For more information about Ve’ahavta and The Ve’ahavta Project, see and
Ve’ahavta is a Jewish humanitarian organization dedicated to promoting positive change in the lives of people of all faiths and backgrounds who have been marginalized by poverty and hardship. Ve’ahavta mobilizes volunteers in meaningful, hands-on experiences to fulfill our collective responsibility to care for our neighbour.

Sidney Margles remembers the October crisis

It was Yom Kippur.  A Saturday. So this high holiday season it brought back some memories. It was October 10, 1970.

For those who do not remember, we were at the start of The October crisis. British Trade Commissioner Jasper  had been kidnapped from his Montreal home five days earlier. The Robert Bourassa Quebec government and the Pierre Trudeau Federal government and the Jean Drapeau municipal governments were all in a quandary.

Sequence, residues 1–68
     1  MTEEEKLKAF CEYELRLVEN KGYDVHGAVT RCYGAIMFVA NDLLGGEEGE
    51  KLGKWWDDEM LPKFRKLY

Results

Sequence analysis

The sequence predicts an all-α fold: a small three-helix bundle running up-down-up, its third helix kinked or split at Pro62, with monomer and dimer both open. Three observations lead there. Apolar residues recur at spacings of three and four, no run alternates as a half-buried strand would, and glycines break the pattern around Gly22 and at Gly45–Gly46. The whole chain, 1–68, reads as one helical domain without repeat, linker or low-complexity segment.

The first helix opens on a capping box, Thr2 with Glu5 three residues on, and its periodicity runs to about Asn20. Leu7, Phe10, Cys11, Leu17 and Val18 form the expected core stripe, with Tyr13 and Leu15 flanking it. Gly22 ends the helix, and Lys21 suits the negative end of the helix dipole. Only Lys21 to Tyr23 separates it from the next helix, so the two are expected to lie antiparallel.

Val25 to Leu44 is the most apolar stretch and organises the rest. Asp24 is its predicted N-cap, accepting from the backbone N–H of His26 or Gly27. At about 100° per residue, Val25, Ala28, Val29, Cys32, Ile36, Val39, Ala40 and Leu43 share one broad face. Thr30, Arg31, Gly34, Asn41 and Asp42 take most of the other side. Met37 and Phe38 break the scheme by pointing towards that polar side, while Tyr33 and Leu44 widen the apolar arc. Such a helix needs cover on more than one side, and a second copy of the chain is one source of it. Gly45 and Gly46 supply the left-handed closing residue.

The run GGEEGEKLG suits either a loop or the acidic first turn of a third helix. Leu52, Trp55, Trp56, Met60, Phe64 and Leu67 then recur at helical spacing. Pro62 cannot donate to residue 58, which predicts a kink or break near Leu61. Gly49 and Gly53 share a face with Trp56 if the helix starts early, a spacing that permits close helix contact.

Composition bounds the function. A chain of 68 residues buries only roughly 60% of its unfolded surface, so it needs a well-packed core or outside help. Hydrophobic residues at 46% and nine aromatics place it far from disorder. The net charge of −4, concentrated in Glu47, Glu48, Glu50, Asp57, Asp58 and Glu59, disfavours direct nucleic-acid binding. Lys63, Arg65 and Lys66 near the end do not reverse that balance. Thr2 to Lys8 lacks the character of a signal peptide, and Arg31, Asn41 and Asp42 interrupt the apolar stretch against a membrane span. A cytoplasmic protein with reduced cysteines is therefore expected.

So Saturday, October 10 was Yom Kippur in the Jewish calendar. I was at the Adath Israel Synagogue for services, but because I was “on call,” by Bellboy, one of those original pagers was “on,” and Rabbi Michael Kramer told me his office would be unlocked so I could use the telephone if it became necessary.

 At mid-afternoon, I was paged, left the sanctuary, and called in to CJAD where I was the lead reporter. Quebec Justice Minister Jerome Choquette was to speak at 5:30, and as I was the one to translate his remarks as we did a live broadcast, I left the synagogue to go to the radio station.

 After The broadcast, where there was an appeal to Cross’ kidnappers, I was going to return to the synagogue for the final services of that holy day. As I was about to leave, minutes after 6 p.m., I heard, over the police radio.

The October crisis.

“Monsieur Laporte…enleve…a St. lambert.” I knew the late Pierre Laporte, the current Labour Minister who had been a journalist in his earlier days.